When “I do” gets you something more than just a spouse
By Jenny Prenosil
Working through a pheasant field, I match pace with my hunting partner as we follow an eager black Lab. Anticipating the flush of a rooster, I scan the field before me. In an instant, our dog’s tail starts zipping in circles and he turns on a dime. I look over at my hunting partner who is already zeroing in on where the dog is focused.
“He’s birdy, get ready!” he shouts to me. I move in that direction, finger sliding toward the shotgun’s safety.
“Get it!” he shouts, which signals the dog to jump into the bunched switchgrass. A rooster flushes and a shot rings from my right as the cackle stops. I can’t tell who is happier, the dog or my husband. Both locate the bird at roughly the same time, both showing the same excitement as if it were their first. He holds up the rooster, praising our dog and then tucking the bird into his vest. Determined to find another bird, we march on.
Erik’s passion for the outdoors was one of the qualities that attracted me to him in the first place. Life forever changed the moment we sat down together on that first turkey hunt, realizing we enjoyed being each other’s hunting partner.
Knives, fishing poles and camo replaced the traditional chocolates and flowers in those early years, and dates became trips to the field. Even the engagement ring sat at the end of a barrel of a shiny rifle, and our baby announcement featured our bird dog. But these moments are not the only treasured memories.
Photo by Jenny Prenosil
Many of the adventures that I’ve enjoyed are because I found someone willing to mentor and grow with me in pursuing new challenges in the field. Erik has shared in my mixed emotions that occur as you grow as a hunter: anticipation, frustration, excitement. Together we have experienced beautiful landscapes and pursued a variety of game, many of which were firsts for both of us. We mentor and encourage each other.
Seeing the sunrise on the water or watching the sunset on the prairies can only get better with a loved one.
“Don’t worry, we’ll get you a bird” he says to me, sensing my frustrations at a missed shot. “That flush is exciting isn’t it?”
Jokingly he tells me I need to learn to shoot quicker than him, and I try to hide a smirk. At least the rooster didn’t get away.
Before Erik I hadn’t given upland hunting much thought. I came from a family of deer hunters. Although we would pursue other game, Erik talked about walking fields for birds and how awesome it was. So we walked fields. Then he would talk about how we needed a dog. The uplands started to grow on me with each invite out … and learning to be quick on the trigger.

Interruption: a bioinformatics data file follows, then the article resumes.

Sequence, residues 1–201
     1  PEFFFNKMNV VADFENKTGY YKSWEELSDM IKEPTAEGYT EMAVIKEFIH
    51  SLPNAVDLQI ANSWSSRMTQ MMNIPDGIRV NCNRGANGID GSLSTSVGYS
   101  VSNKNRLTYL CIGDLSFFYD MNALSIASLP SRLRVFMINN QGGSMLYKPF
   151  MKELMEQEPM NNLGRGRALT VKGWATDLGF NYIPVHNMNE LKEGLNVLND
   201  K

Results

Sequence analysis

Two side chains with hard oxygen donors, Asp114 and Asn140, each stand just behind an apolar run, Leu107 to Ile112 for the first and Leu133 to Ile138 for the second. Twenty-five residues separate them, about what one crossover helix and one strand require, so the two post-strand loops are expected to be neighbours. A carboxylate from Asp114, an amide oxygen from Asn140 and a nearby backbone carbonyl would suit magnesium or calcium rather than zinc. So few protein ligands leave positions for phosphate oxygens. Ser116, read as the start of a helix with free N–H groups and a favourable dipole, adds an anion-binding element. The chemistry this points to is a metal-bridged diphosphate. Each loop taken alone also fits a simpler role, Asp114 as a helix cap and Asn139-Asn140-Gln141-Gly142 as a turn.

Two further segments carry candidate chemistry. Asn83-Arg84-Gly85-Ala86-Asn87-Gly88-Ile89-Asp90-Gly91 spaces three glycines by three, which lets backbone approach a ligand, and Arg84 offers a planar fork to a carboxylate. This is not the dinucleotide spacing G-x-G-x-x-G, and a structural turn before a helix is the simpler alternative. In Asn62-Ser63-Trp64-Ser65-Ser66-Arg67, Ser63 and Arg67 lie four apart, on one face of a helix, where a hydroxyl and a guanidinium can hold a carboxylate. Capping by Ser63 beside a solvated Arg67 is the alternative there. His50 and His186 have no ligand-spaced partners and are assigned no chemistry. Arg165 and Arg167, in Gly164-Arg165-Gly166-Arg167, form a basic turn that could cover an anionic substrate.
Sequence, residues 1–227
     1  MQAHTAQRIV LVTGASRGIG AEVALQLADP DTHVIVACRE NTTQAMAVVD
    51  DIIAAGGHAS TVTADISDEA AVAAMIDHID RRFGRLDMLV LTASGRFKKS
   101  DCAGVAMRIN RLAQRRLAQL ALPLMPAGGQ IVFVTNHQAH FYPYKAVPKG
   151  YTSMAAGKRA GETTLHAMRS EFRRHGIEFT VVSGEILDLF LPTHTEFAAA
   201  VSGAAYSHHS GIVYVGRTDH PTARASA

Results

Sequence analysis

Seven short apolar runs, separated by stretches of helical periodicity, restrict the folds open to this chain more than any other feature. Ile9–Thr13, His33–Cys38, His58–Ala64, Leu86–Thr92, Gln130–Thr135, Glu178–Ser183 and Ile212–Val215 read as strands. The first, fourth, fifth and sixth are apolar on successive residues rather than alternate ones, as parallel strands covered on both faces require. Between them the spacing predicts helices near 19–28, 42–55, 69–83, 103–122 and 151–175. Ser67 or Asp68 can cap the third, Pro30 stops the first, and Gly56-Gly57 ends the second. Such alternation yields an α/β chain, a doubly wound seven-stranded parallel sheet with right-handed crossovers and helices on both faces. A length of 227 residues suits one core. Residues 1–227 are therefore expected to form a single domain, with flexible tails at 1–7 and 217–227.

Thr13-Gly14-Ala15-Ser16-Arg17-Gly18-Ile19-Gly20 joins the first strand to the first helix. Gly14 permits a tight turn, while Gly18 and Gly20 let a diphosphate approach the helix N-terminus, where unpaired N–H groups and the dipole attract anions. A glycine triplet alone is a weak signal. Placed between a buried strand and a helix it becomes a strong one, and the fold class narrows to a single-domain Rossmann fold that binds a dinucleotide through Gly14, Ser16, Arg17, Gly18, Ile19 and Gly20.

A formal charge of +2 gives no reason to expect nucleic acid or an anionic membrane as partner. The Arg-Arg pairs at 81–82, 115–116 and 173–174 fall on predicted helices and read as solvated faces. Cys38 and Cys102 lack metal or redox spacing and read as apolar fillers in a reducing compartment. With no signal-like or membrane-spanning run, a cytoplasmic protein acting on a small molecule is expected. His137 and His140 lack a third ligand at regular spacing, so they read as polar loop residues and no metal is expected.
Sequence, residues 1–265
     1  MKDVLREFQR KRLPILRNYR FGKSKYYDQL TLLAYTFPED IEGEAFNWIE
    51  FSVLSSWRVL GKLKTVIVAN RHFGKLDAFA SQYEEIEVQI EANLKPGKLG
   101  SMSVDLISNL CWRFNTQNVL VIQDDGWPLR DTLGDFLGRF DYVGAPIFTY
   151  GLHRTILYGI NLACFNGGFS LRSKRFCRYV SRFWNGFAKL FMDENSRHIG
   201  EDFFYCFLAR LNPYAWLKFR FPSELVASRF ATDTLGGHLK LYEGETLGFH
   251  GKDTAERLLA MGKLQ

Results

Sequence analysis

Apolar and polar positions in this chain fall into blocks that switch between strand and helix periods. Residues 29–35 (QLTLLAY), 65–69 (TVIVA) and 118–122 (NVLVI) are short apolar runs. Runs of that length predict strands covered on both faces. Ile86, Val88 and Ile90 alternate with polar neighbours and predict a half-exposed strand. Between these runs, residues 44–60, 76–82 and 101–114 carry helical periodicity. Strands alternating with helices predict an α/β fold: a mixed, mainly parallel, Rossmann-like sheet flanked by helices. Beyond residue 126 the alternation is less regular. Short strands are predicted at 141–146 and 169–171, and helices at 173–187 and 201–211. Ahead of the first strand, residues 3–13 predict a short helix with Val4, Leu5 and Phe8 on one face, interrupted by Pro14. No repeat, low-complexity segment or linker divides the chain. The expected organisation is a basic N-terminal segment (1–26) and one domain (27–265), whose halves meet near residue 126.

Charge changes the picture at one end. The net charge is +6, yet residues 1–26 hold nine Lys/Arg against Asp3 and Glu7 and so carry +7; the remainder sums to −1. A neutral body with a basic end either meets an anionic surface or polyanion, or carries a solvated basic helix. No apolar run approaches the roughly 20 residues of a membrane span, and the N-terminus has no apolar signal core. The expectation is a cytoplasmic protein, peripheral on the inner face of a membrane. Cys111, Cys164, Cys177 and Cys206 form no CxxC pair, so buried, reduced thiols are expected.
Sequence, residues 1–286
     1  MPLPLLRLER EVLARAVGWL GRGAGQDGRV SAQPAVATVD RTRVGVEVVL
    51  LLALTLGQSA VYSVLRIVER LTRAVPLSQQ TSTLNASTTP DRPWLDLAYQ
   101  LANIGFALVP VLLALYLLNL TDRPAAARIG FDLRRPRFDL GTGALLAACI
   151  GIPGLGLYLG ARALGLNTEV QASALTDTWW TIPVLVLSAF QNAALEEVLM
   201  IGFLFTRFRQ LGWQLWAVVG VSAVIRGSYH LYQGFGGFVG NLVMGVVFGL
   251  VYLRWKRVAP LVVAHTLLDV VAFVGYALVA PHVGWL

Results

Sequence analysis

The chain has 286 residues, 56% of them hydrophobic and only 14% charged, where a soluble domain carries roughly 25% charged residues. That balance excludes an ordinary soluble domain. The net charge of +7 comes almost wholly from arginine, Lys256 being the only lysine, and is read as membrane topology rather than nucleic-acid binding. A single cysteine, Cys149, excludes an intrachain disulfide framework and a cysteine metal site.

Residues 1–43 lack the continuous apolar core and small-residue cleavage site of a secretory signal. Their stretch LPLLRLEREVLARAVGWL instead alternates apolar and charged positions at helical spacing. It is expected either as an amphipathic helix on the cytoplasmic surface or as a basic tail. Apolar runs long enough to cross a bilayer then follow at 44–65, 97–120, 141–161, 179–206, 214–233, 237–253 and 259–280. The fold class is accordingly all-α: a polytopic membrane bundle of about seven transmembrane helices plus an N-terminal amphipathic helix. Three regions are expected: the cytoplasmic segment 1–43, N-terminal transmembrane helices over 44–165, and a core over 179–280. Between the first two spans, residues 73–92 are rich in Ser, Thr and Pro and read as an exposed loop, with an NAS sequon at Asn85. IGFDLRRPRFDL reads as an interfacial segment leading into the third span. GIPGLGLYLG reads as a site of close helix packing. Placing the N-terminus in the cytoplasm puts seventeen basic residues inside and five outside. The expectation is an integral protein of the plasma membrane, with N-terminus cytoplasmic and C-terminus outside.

Eventually we decided on getting and training a puppy. Seeing our combined efforts come together with an exhilarated husband and dog on wild birds made it all click for me: This IS awesome! Now the shotguns are always packed for every outing.
Erik and I enjoy hunting together, but sometimes we need to cover more ground. A quick kiss or a “good luck!” seem to be the ritual way of separating.
Today that means I walk in the bottom of the draw as he covers the sidehill. Few words need to be spoken to communicate across the space. Hank gets birdy again while working through the field between us. In sync we both move toward the dog. A single rooster flushes perfectly in front of Erik, who shoulders his gun and fires. Hank zeros in on the downed bird.
“Good boy! Bring it here!” I can’t help but laugh as I see the excitement Erik gets watching Hank retrieve the rooster.
I used to become jealous when Erik would harvest something and I didn’t, but not nearly as much anymore. Just as he shared in my stresses and excitement in our early pursuits together (and still does), I too share in his ups and downs by feeling the same emotions he is experiencing.
Photo by Jenny Prenosil
We encourage each other to get outdoors, whether it’s with each other, on our own, or with others. His thrill of harvesting that rooster is contagious, and my mind shifts to how we will prepare it in the kitchen and enjoy it later. We won’t be going home empty-handed today. We nod to each other and continue following a proud black Lab.
While we continue to become excited planning our next pursuits together, the biggest adventure is about to unfold.
We both look forward to the day our son Ryan can join us. We will grow from hunting partners to a hunting party. We’ll share in his excitement of pulling up on his first rooster using the hand-me-down single-shot .410, the thrill of his first successful harvest, and the reward of filling the kitchen with the resulting savory smells later.
Together as a family we will share in his emotions as Erik and I have shared in each other’s.
Circling the field back to the truck, Hank sniffs every bunch of grass, looking for one more bird. We admire the roosters decorating the tailgate as the sun sets on the horizon. As Erik calls the dog to load up, I can’t help but sneak a glance at my husband.
This is my forever hunting partner. The person who has shared in the intimate experiences that come from pursuing game in the field. It is the laughs, tears and shared emotions which strengthen us and our relationship. In these outdoor moments I can’t help but smile and be grateful for the journey we share together.
Jenny Prenosil is a coordinating wildlife biologist for Pheasants Forever. She, Erik, Ryan and Hank live the outdoor lifestyle from their home in Lincoln, Nebraska.
This story originally appeared in the Fall 2020 Issue of the Pheasants Forever Journal. If you enjoyed it and would like to the the first to read more great upland content like this, become a Pheasants Forever member today!